DP14477 Why Trump Shot the Sheriffs: The End of WTO Dispute Settlement 1.0
|Author(s):||Chad P. Bown, Soumaya Keynes|
|Publication Date:||March 2020|
|Keyword(s):||antidumping, Appellate Body, Dispute Settlement, trade remedies, WTO|
|Programme Areas:||International Trade and Regional Economics|
|Link to this Page:||cepr.org/active/publications/discussion_papers/dp.php?dpno=14477|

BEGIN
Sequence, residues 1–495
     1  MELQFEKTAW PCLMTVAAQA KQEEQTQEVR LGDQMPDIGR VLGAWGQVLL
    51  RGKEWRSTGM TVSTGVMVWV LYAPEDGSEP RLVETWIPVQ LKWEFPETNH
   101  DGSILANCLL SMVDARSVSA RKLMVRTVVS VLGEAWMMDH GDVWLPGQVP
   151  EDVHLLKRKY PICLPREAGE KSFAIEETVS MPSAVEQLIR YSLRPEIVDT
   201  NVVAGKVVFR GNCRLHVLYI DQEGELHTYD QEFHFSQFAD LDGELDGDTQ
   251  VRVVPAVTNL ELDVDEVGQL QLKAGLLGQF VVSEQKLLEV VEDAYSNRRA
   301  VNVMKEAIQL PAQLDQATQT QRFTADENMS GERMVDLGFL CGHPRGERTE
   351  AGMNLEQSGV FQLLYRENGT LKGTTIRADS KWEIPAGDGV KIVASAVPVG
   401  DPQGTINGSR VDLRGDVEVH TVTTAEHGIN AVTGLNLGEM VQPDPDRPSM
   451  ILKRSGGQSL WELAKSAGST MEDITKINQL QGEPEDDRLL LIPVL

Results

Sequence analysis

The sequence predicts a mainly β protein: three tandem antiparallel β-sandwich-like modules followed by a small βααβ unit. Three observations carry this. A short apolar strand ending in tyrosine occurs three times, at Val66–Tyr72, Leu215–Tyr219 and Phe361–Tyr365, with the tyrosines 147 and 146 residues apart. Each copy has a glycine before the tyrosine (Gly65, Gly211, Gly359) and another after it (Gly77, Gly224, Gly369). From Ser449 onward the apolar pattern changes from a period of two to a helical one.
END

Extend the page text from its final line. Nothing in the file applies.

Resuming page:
On December 10, 2019, the WTO's 25-year-old system of resolving disputes broke down. This paper explains why. It describes the dysfunctional system that preceded the WTO, when the United States dealt with politically troublesome imports by using voluntary export restraints and increasingly resorted to the "aggressively unilateral" Section 301 policy to resolve trade concerns. The WTO was a compromise between the rest of the world and the United States, whereby the latter accepted some constraints with the expectation that the new system of binding dispute settlement would serve its interests. But although the creation of the WTO resolved some concerns about American unilateralism in the short term, its system of handling disputes turned out to be politically unsustainable.